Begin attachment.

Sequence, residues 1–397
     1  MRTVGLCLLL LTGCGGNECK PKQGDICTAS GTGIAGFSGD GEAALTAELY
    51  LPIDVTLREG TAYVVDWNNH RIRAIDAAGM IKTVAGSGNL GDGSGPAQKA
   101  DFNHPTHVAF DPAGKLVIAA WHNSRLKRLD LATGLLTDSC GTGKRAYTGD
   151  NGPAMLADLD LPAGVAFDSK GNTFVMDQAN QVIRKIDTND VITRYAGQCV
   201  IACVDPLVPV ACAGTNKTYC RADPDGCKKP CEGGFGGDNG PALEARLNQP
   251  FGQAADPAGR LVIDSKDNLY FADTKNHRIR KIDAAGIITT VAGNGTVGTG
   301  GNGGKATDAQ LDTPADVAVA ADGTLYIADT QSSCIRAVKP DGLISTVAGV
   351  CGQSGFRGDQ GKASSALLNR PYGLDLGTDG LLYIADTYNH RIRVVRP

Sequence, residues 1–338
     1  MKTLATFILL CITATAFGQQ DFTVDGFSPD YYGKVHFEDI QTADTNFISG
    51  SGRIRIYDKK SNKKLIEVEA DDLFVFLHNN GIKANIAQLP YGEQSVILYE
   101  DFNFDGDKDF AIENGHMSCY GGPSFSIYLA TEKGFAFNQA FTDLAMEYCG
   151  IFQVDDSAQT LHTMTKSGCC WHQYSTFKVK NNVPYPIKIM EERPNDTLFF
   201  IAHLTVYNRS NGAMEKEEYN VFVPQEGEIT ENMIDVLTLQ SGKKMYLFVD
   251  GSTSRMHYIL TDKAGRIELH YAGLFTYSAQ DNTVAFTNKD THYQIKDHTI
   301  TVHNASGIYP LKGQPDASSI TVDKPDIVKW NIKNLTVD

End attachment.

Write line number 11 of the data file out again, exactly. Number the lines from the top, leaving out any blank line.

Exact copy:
     1  MKTLATFILL CITATAFGQQ DFTVDGFSPD YYGKVHFEDI QTADTNFISG